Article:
Two paws-up for Why Dogs Are Better Than Cats -- sure to be a favorite gift for dog-lovers this holiday season. To win a free copy, leave a comment and tell us which side you're on!
UPDATE: We've selected a winner, but you're still welcome to take sides in the cats-vs-dogs debate.
From the what's-the-world-coming-to-department comes news that Simon & Schuster has signed a deal for a series of three books based on an iPhone app. Is this a first? I think so (but I could be wrong -- leave a comment if you know of other iPhone apps that have spawned book deals).
The iPhone app store describes Soul Trapper as "a supernatural tale that unfolds over 23 chapters, each ranging from 5 to 15 minutes in length." Buyers are promised that this "richly-produced audio drama" is "seamlessly interwoven with interactivity, navigation, and audio puzzles." Players follow 27-year-old drifter Kane Pryce, who owns a mysterious device (the Soul Trap) that lets him capture ghosts and exile them from Earth.
To see what all the fuss was about, I attempted to download Soul Trapper on my iPhone, but I got an annoying message indicating that the app was too large for obtaining by phone and should be downloaded through a computer instead. So I'll probably never know whether the app lives up to its billing as "triple-A entertainment" in the "audio spectrum" (hmmm).
Soul Trapper was created by F.J. Lennon, whom, we were heartened to learn, has previously written at least one book, a 2001 title from HarperBusiness called Every Mistake in the Book: A Business How-NOT-To -- apparently a lively account of his computer game business that flopped. Maybe Lennon's next business title will advise readers on how to turn iPhone games into publishing gold.
As many of you already know, this Saturday is Dewey’s Read-a-thon. Starting at 7 a.m. CST (that means 2 a.m. if you live in Hawaii – yikes!), hundreds of readers will be devouring books and blogging for 24 hours straight. The event was founded in October 2007 by Dewey from book blog The Hidden Side of a Leaf. Dewey passed away in 2008, but her event continues to gather many followers under the leadership of bloggers Hannah, Trish and Ana.
Trisha and I are both hosting out-of-town guests this weekend, so – alas – we can’t commit to reading for 24 hours straight. We are, however, pleased to announce The Book Case’s first-ever Read-a-thon Mini-Challenge!
This Saturday, Oct. 24, visit The Book Case from 6-10 p.m. CST. We will post a book-themed question and spiffy prize (hint: Good design crosses the pond: Penguin Classics). For four hours, Read-a-thon participants can take a break from their reading to post answers in our comments section. We’ll choose a commenter at random for our winner, and, voilà!. . . one lucky reader will receive brand-new books.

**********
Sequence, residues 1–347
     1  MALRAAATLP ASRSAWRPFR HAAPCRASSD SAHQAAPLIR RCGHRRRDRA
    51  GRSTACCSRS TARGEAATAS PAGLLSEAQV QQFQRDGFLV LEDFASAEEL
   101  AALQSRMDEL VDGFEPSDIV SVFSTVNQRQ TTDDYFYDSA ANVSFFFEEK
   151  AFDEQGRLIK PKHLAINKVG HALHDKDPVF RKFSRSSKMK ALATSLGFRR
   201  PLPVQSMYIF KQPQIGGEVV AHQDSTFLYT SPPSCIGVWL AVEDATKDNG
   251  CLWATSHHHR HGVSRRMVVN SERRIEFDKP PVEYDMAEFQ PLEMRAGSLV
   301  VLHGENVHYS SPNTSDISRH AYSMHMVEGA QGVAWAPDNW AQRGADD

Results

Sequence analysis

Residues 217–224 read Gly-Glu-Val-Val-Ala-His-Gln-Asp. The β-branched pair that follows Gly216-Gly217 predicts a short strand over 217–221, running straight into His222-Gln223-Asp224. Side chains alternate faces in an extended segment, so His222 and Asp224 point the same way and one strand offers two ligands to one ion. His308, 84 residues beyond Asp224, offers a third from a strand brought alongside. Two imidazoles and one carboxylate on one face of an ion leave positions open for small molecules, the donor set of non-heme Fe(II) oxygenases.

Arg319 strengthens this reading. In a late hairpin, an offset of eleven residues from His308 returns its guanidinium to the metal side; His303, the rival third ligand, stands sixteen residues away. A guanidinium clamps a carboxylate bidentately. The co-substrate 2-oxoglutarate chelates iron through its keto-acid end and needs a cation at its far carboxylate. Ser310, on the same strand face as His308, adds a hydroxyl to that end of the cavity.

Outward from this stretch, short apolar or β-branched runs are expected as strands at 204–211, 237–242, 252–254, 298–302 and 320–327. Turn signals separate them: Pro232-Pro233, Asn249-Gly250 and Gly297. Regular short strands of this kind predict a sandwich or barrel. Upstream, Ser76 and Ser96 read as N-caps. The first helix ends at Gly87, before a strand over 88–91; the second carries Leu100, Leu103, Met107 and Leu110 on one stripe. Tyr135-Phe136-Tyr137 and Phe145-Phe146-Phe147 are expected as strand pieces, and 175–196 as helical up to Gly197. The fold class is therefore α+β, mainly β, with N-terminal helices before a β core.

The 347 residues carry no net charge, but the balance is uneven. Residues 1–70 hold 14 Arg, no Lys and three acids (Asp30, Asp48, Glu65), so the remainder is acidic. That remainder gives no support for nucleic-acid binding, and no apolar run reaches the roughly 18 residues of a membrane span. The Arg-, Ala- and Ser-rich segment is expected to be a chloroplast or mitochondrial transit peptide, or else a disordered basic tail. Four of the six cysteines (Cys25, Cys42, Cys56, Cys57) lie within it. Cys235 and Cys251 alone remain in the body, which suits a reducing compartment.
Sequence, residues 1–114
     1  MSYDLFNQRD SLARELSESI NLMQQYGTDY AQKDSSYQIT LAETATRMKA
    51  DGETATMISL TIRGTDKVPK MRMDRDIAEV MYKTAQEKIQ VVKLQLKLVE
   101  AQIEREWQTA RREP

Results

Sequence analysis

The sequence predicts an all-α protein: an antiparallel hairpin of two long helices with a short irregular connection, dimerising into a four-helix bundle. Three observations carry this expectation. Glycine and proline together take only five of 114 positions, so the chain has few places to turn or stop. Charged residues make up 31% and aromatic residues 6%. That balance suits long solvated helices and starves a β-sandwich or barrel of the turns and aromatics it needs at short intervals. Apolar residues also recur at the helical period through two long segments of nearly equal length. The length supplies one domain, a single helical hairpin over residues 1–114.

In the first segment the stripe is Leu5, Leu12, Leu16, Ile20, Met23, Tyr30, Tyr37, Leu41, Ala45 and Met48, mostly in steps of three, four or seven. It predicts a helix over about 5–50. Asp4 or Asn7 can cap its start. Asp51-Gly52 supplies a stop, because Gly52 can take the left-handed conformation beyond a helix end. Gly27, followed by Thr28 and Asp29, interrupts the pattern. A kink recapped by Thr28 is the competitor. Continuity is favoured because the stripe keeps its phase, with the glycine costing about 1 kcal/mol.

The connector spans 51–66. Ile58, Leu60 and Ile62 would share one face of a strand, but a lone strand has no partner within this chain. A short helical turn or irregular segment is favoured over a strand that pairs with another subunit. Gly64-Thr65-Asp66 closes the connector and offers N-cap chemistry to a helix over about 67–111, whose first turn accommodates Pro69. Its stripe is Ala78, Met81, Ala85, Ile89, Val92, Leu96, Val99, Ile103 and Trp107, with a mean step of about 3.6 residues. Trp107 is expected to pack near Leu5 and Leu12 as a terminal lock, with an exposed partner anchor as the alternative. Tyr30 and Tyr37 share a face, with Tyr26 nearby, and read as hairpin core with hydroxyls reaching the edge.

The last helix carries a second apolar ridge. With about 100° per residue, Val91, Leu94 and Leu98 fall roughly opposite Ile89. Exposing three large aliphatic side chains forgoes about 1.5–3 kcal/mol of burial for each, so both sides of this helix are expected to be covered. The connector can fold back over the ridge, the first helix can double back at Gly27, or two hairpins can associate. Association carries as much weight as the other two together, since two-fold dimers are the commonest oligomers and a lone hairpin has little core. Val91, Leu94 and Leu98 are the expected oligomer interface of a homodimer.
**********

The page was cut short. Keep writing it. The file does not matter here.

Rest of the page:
Book blogs will be hosting mini-challenges throughout all of Saturday, so check the Read-a-thon blog frequently for an update on where challenges are hosted at specific times.
For Read-a-thon participants: What’s in your Read-a-thon stack of books?
If you don’t usually spend a portion of your day blogging, journaling, creating stories – or otherwise putting words on paper (or screen) – then today is a great day to start. A couple weeks ago, the U.S. Senate declared Oct. 20, 2009, as the National Day on Writing. The official Resolution is quite long, but it’s worth it to give it a read. I was pleased to see the Senate embrace digital media in their document:
Whereas the National Day on Writing honors the use of the full range of media for composing, from traditional tools like print, audio, and video, to Web 2.0 tools like blogs, wikis, and podcasts
One of the best ways to get involved in the day’s festivities is to post to the National Gallery of Writing, a website where anybody can post writing that is “important to them. . . from letters to lists, memoirs to memos.” The Gallery was unveiled today, and it looks like there has already been wide participation. So far there are 21 records from the state of Tennessee alone.
How will you celebrate the National Day on Writing?
I’d like to give a shout out to my 11th grade English teacher for giving me a copy of William Zinsser’s On Writing Well. (“Look for the clutter in your writing and prune it ruthlessly… Simplify, simplify.”) And perhaps I’ll celebrate, also, by reading other people's great writing. I would love to dig into a novel I haven’t yet found the time to start (A Gate at the Stairs? Her Fearful Symmetry?).